A vague guess, but maybe because you are Marek? (if that's wrong, please accept my apologies, but I remember him from highly advocating his costly stuff)

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I learned it 10 years ago from a French website:
http://rvirtual.free.fr/programmation/OpenGl/Index.htm

(I'm surprised it's still up!)

If you can understand French well, this website is 10x better explained than nehe in my opinion. Nehe throw a lot of explanations on things you don't really need to know when you are just starting. I knew nothing advance about graphics, and I knew almost nothing about C++ itself. This website was my starting point :)

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I learned from the GDNet book as well (first edition), but I recommend the Redbook as a much more comprehensive book, it won't teach you to write games, but it will give you a much better understanding of the OpenGL state machine.

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Quote:
Original post by Geometrian
In order:
Python: reverse engineering, playing around
PyGame: reverse engineering, playing around
PyOpenGL: reverse engineering, a boatload of playing around
I actually recommend this way. It's taken me about 5 years, but learning through experience is the best way.


It's great to learn through experience, but you should also make sure to read books, blogs, etc... from others so you can learn some of the best practices. Only learning from your own code can lead you to find solutions to problems that would often be unfamiliar to others, making your code hard to understand, and potentially error prone in edge cases.

Just a word of caution on your statement about always learning via reverse engineering and playing around. It can be great, as long as it's properly balanced.

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Quote:
Original post by Rydinare
engineering and playing around. It can be great, as long as it's properly balanced.


I agree with this and the reason I like to play with code first and then go back and read is because you are more familiar with what is being said. I find trying to read about something completely new harder to digest. With a little playing around with code examples and then attempting to write something going back to a tutorial can be a great way to learn.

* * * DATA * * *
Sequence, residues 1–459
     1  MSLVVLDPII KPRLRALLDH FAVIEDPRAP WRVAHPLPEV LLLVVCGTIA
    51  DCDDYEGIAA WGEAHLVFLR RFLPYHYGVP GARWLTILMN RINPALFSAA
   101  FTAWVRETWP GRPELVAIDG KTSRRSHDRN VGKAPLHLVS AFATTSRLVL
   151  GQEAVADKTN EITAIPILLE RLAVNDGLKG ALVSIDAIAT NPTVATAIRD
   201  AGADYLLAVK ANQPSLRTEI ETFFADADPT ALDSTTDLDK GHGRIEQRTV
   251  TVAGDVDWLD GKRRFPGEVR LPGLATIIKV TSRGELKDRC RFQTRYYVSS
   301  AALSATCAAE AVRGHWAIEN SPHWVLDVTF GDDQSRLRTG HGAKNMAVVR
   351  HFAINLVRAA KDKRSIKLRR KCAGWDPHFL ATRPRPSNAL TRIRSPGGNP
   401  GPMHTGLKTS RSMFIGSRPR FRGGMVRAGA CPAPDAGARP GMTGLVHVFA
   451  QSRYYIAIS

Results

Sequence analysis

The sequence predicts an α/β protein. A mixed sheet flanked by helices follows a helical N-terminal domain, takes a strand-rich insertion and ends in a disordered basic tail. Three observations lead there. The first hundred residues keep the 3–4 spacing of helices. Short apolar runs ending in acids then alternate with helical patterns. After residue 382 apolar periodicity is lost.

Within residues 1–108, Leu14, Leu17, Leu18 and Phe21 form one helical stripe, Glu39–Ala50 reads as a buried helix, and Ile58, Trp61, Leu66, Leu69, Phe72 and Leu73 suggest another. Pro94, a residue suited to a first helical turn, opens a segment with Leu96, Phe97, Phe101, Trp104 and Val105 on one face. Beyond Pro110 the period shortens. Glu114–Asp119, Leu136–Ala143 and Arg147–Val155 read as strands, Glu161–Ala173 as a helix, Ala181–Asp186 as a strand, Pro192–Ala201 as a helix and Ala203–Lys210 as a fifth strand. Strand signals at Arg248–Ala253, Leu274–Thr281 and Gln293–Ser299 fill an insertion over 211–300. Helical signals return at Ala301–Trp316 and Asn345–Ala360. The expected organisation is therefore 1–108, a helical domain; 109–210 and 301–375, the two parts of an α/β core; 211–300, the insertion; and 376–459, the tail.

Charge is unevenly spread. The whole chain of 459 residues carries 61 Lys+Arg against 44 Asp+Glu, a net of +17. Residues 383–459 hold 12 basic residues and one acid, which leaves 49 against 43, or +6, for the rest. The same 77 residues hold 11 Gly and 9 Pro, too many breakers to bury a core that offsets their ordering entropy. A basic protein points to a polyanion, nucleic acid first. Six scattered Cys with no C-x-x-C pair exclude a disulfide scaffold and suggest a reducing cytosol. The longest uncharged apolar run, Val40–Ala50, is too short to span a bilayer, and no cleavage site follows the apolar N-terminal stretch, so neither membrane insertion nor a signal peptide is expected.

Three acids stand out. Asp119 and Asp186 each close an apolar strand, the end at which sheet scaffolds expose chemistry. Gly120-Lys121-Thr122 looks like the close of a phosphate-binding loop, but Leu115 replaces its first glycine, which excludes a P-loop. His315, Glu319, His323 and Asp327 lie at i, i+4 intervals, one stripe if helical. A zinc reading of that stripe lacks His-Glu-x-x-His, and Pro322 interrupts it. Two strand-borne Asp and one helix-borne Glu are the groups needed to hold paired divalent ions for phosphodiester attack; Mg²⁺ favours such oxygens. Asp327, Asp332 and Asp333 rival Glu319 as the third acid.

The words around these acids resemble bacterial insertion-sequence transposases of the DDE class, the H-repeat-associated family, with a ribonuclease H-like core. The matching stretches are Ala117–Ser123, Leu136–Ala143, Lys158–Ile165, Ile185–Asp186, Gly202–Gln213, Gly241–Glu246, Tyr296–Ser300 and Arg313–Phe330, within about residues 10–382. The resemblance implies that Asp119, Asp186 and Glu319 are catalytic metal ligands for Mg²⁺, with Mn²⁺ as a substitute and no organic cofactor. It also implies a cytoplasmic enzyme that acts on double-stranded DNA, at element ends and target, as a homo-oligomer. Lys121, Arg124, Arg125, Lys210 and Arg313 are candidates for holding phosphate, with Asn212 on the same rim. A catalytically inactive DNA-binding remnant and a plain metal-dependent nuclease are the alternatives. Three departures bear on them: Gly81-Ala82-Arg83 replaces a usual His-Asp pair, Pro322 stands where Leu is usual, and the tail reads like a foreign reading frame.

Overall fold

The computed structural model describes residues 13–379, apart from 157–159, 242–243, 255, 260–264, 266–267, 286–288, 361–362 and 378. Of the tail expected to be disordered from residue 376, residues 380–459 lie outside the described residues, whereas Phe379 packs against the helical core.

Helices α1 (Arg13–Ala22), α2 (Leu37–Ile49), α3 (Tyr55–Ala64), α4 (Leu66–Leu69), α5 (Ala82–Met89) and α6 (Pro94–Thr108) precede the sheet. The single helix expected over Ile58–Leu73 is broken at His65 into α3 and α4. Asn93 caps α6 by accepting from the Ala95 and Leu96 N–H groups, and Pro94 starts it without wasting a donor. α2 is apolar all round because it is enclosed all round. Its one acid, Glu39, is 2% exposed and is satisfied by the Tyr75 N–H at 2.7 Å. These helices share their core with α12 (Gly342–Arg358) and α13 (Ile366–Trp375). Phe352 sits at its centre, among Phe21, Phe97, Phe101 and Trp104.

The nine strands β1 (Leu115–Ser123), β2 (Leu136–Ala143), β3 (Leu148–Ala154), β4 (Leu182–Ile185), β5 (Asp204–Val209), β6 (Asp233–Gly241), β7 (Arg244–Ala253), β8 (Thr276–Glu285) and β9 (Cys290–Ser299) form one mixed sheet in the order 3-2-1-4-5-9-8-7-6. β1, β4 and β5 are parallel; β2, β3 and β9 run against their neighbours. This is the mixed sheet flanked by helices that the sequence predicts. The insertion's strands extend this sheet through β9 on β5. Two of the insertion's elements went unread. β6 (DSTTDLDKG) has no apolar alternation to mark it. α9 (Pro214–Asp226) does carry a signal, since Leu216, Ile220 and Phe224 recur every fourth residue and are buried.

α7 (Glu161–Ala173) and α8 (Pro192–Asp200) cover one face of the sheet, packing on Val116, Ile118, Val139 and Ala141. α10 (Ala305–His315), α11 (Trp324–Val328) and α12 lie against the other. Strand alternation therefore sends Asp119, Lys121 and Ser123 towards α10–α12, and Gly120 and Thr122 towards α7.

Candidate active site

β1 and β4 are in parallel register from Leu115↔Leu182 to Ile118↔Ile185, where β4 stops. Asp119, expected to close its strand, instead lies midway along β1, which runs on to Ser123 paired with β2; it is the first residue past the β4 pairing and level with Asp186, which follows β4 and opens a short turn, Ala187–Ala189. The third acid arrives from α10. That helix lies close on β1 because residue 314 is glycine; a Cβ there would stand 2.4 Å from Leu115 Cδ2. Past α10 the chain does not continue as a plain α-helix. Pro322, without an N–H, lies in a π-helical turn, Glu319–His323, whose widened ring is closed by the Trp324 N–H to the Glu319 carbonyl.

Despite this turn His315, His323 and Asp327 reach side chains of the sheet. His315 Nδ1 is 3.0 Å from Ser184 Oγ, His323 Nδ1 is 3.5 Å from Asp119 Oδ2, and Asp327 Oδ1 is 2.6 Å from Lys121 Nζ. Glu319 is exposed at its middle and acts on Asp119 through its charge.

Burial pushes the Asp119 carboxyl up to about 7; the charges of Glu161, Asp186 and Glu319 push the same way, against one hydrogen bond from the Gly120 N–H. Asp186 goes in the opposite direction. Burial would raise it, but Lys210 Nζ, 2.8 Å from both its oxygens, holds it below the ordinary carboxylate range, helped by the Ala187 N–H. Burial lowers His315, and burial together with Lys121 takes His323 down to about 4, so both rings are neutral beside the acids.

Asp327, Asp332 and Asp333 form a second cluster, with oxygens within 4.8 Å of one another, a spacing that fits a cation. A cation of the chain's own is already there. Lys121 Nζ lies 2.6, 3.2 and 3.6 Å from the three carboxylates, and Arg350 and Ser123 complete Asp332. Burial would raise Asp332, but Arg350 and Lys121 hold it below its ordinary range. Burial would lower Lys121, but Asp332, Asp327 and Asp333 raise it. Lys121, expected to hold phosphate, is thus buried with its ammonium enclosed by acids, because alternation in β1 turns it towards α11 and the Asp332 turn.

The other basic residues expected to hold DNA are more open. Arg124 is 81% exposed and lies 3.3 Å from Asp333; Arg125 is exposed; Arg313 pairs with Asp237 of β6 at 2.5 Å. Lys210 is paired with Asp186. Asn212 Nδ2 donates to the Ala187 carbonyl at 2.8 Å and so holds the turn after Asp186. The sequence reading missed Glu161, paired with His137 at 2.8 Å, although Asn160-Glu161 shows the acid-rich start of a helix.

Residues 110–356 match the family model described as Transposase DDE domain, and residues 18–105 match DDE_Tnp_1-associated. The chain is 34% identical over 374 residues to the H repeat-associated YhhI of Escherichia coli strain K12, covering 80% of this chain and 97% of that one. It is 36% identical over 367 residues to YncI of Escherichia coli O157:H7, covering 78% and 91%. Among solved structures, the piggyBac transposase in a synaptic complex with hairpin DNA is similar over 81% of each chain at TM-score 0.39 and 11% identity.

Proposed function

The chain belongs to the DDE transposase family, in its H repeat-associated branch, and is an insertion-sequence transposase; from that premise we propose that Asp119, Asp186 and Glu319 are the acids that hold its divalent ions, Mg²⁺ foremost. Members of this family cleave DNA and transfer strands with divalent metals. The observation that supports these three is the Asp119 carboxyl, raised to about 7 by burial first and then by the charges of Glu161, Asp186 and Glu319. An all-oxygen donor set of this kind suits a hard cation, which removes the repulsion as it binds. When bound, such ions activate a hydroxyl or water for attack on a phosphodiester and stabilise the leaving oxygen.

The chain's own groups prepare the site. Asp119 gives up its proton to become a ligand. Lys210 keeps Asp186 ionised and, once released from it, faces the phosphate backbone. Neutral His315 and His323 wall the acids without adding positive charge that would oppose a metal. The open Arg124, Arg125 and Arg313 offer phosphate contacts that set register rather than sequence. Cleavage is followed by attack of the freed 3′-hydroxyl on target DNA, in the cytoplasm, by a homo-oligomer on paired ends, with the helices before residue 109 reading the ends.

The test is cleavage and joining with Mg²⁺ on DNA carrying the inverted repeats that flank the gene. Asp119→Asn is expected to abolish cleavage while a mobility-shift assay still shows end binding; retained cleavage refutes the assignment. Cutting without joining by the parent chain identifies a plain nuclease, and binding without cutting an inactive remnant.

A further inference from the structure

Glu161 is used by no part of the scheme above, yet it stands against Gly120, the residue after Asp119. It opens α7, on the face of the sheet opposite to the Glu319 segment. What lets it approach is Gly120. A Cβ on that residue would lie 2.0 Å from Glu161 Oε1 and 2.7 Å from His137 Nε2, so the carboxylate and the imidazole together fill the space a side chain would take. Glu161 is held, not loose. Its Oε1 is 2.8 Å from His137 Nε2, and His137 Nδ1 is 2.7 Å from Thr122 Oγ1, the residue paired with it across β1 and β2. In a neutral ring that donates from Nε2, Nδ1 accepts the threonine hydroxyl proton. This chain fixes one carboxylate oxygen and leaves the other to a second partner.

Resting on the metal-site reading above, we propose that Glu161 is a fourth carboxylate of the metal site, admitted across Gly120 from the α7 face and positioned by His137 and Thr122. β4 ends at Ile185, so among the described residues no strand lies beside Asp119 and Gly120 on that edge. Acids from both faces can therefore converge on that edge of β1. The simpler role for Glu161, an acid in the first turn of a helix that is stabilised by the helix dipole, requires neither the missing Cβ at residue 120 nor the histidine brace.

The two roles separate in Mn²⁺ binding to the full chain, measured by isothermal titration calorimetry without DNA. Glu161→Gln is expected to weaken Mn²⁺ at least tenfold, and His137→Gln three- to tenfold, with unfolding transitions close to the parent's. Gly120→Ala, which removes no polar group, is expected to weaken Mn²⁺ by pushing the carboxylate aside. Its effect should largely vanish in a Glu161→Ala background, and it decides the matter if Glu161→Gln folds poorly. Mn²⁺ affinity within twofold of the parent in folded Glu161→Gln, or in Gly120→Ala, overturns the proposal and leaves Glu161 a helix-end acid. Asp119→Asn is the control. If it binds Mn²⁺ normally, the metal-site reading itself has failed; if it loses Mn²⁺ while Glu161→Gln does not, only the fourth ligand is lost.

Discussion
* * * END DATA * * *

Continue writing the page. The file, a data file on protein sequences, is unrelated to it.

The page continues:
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From what I remember, I used the Red and Blue book, read threads on OpenGl.org, the GL specification, and the extensions specs. Coupled with quite a few articles and tutorials on the net, and of course spending a lot of time experimenting with code. Writing a software renderer based on the GL specification was a good way to learn and understand the pipeline better. I don't really remember reading anything from Nehe, although it was a popular source at the time...

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Quote:
Original post by phresnel
Quote:
Original post by ajm113
I learned from Marek-knows.com's video tutorials in the Game Engine series. I think all of he's tutorials are pretty good! :)


A vague guess, but maybe because you are Marek? (if that's wrong, please accept my apologies, but I remember him from highly advocating his costly stuff)


Hahaha, no. I'm a fan of he's website and I wrote a few articles in the forums on there, I learned a lot from his tutorials so there is like a 20% time I will ever go on a forum and ask for help now aha days.

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I knew much about C, so NeHe's tutorials didn't confuse me so much as they were obsolete; his reliance on GLaux leaves a lot to be desired. But, after I got some basics on my own, I began to read the Red Book, a year of trial and error, and eventually I ended up here. My own software renderer is underway, building from what I learned.